Millers Dale Viaduct

(Photo 7 © Lee Pogson, photos 8-11 © Wilf Oven collection,
hotos 12 & 13 © Peter Green/ courtesy Railway Correspondence & Travel Society (RCTS))

30th May 1863 saw the opening of an exceptional section of railway, eventually forming part of a main line link between London and Manchester. Built by the Midland, it cut a route through the limestone landscape of Derbyshire's Wye Valley between Hassop and Buxton, demanding eight tunnels totalling 2,426 yards, two major viaducts and a number of smaller ones in the space of just 11 miles. But the audacity and investment did not live long. Barely a century after it opened, most of the route became an unlikely victim of the Beeching-era cuts, officially closing on 1st July 1968.

The most westerly of those two viaducts is adjacent to Millers Dale Station, crossing the Wye at a height of around 80 feet. Elegant in design, it comprises two parts: three 30-foot masonry arches at its west end and a longer section to the east involving wrought iron segmental arches of 95 feet, three in number. Each of these consists of five offset ribs with lattice work struts filling the spandrels between the arch members and deck. Rock-faced limestone and gritstone dressings were used for the abutments and piers, the latter being hexagonal in plan and skewed to align with the river. The parapets incorporate iron railings.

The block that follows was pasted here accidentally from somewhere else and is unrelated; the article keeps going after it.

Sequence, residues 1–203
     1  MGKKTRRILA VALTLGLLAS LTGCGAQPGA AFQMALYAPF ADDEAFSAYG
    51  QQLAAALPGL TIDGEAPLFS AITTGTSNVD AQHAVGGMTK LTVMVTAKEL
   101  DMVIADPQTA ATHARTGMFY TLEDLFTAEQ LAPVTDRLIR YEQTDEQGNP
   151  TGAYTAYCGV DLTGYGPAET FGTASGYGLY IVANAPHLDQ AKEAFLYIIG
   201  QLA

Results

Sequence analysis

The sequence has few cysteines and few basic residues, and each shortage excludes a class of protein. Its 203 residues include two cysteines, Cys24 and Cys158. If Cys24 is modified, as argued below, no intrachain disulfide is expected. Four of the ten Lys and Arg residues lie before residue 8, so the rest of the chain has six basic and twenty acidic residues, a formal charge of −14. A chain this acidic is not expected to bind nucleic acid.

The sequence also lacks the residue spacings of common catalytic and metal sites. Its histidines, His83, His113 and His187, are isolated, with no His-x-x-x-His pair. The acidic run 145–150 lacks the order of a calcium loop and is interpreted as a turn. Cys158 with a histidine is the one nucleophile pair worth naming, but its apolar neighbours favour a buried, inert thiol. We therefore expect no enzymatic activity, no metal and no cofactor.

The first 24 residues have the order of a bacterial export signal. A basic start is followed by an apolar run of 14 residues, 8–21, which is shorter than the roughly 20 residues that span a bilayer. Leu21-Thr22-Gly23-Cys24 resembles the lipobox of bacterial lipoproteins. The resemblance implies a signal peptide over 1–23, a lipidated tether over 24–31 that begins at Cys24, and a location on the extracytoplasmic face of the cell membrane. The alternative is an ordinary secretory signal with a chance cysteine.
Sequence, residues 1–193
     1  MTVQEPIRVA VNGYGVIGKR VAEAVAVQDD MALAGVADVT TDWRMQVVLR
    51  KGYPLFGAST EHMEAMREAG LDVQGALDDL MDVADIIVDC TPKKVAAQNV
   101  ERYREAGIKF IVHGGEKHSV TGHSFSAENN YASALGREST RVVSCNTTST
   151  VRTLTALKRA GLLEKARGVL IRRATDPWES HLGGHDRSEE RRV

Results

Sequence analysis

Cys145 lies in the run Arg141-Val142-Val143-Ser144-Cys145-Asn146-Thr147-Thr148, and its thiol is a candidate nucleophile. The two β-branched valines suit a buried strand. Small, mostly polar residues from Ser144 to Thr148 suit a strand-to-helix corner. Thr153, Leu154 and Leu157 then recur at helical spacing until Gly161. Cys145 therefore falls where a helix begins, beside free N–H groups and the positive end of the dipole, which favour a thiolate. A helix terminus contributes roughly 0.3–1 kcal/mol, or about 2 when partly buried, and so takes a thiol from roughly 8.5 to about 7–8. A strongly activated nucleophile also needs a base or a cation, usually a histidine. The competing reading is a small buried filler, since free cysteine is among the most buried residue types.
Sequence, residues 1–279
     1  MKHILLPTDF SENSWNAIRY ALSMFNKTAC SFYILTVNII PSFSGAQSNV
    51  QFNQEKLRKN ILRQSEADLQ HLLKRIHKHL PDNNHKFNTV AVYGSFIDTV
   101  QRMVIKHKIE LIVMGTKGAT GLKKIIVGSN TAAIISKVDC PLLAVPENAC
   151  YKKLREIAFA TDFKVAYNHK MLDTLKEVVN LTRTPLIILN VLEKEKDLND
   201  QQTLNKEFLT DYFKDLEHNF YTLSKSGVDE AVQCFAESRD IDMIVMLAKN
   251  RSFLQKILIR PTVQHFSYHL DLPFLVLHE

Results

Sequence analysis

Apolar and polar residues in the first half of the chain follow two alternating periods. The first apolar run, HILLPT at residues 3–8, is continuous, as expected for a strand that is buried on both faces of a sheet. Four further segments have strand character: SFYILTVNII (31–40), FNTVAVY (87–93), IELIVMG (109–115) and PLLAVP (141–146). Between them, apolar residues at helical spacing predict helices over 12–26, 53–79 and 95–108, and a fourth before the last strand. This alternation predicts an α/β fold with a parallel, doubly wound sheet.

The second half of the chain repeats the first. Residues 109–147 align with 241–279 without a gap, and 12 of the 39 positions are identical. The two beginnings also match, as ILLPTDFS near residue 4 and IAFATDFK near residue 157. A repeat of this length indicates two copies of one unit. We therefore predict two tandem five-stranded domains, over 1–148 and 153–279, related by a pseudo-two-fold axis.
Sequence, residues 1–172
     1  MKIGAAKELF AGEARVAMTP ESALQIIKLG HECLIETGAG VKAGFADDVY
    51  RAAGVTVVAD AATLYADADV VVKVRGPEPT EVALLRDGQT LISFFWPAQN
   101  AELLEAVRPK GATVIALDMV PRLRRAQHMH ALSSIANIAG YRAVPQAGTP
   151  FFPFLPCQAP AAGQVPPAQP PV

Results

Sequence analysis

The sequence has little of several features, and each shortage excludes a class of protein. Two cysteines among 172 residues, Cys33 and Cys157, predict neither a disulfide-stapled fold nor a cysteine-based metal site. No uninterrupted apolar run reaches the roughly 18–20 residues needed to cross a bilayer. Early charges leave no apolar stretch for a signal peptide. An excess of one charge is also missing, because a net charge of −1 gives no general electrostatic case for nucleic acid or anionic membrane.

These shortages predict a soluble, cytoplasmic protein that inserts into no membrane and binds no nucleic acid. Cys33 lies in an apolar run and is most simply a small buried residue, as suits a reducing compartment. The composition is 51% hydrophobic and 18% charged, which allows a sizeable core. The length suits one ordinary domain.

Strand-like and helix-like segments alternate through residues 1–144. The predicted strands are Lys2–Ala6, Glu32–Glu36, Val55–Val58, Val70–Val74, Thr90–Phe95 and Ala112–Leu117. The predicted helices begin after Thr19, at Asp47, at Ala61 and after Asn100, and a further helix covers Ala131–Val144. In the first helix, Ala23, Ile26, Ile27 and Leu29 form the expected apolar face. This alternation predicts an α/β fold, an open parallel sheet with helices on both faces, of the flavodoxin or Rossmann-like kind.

A second viaduct was built on the north side - opening in August 1905 - to provide additional capacity, forming part of a 683-yard loop used by traffic on the Fast lines. The new viaduct also has a masonry section - this time of four spans, with the arches themselves in Staffordshire blue brick - whilst three longer steel spans cross the valley involving pairs of braced Pratt trusses. Above is a trough-section deck with latticework railings. The piers and abutments are in gritstone. Contracted to build the viaduct were Whitaker Bros of Leeds, with the steelwork erected by the Butterley Company. They took a little under three years.

In 1981, the Peak District National Park Authority concluded lengthy negotiations with British Rail to secure the trackbed. Along it was laid the Monsal Trail - a nine-mile path linking Blackwell Mill Junction, east of Buxton, with a bridge over Coombs Road on the Matlock side of Bakewell. This crosses the original viaduct. Since the summer of 2011, four of the tunnels - which had previously been closed for safety reasons - have been opened up for walkers, cyclists and horse riders to use, creating an easy linear connection between the Trail’s two ends.

The North viaduct still languishes in redundancy but receives an annual inspection by its owner, the Highways Agency Historical Railways Estate.

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